DIY pet medicine: How much is too much?
Over the weekend, a Fully Vetted reader wrote to ask me how I felt about a website that promotes DIY (do it yourself) veterinary medicine. Titled, "VetWork," this site is one among many that are offering how-to info on vet procedures.
Her question: "Is this OK?"
My answer: "It depends."
Here’s her letter:
Hello Dr. Khuly,
I just ran across an interesting website. It's a blog telling people how they can do some vet stuff on their own. There is a disclaimer at the top that it's not to replace veterinary advice, but some of the things it provides instructions for seem like they may be beyond what the average pet owner ought to be doing. Some things seem okay, like vaccines that many people administer to their own pets (this blog also covers livestock), but other things ... well, I haven't read every post, but I do see there are instructions for how to check for mange (including how to do a skin scraping) and how to draw blood from a vein. Also instructions for IM injections.
While I've heard of people administering their own vaccines, and sub-q fluids (I have helped my mom do this on two occasions, both times we were shown by a vet or tech). But skin scraping? Venipuncture for blood draws? Is that something you would have clients do on a DIY basis?
Skin scrapings? Venipuncture? Urinary catheterization? IM injections? At-home mange treatments? Not so much ... except that sometimes these are OK.
It all depends on a couple of things: Is the procedure being accomplished with the sufficient skill and attention to detail that ensures the animal is not being subjected to significant harm in the process?
If that’s truly the case, I take little issue with DIY vet work. After all, we train clients to administer all kinds of injections, record their observations, and to deduce all kinds of diagnostic conclusions that affect the lives of their pets on a regular basis. One has only to consider the case of the common diabetic cat to see how far clients can (and must) routinely go in order to further their pets' health by applying guerrilla DIY tactics at every turn.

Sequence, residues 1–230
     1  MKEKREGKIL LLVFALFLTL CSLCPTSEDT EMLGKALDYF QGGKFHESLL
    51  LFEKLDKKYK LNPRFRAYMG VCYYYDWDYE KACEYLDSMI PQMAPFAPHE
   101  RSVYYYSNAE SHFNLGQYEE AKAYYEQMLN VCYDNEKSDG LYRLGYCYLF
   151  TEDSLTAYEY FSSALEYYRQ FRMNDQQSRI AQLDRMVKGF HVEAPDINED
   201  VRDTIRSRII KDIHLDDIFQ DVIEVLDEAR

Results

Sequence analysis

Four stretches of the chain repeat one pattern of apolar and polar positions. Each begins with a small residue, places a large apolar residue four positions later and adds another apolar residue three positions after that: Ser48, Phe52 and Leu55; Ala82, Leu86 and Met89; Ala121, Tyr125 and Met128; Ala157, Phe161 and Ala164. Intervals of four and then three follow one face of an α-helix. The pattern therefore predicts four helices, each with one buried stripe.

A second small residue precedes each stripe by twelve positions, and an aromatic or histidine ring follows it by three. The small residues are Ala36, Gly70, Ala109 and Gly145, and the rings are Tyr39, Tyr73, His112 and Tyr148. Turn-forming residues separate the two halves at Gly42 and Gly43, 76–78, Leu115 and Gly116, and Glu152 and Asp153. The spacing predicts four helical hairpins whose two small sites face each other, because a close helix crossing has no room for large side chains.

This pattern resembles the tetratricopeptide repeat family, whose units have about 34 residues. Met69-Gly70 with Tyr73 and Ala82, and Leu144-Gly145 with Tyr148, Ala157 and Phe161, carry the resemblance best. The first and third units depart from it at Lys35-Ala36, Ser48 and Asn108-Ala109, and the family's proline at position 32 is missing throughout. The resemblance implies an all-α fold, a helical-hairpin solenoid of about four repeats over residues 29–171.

Moreover, so many of my clients are human healthcare workers that it would be madness to assume I had the only key to the kingdom for every single issue. Why not show that ICU RN how to administer enemas to her chronically constipated cat?
But where do we draw the line? Clearly we don’t want Jo(e) Sixpack making on-the-fly antibiotic choices or undertaking kitchen table surgeries, right?
Yet it happens. Really.
How? Because it’s perfectly legal for an individual pet owner to practice medicine on his/her pet. After all, pets are property, which renders them completely distinct from human beings in this regard.
You could never practice medicine on your six-year-old human child or your aging spouse. But you may absolutely do so when it comes to your own dog’s vomiting problem or tail dock, for example. Because as long as you don’t cross that ethereal "cruelty" line ... you’re OK. (Yes, your pet might as well be a toaster with a "do not abuse" sign taped to it.)
But why not? Seeing as veterinary medicine is so expensive (and getting more so every day), does it not stand to reason that we need to protect the rights of pet owners whose access to care might be denied on the basis of their economic wherewithal?
No, we can’t exactly tell a pet owner they can’t draw their own blood and submit it to a lab on their very own. We can’t tell them that their use of a microscope to diagnose parasitism is wrongheaded. But we can sanction pet owners who take matters into their own hands and subject their pets to surgery without anesthesia (I've seen botched wart-removals, among other DIY nasties). And what about multiple weekly turpentine dips to kill mange?
Because when two vet-administered injections would have killed the critters in two weeks, the "recommended" DIY turpentine dipping is a backwater-bats*** crazy solution to the problem.
Hence, a very simple illustration of how DIY can go so very wrong, even when all the best intentions are in place … as is obviously the case in most every veterinary assisted DIY occasion. Yet it would seem that good intentions are not always the recipe to success, as illustrated in this, a favorite quotation of mine:
"It is difficult to say who do you the most harm: enemies with the worst intentions or friends with the best." — Edward G. Bulwer-Lytton
Dr. Patty Khuly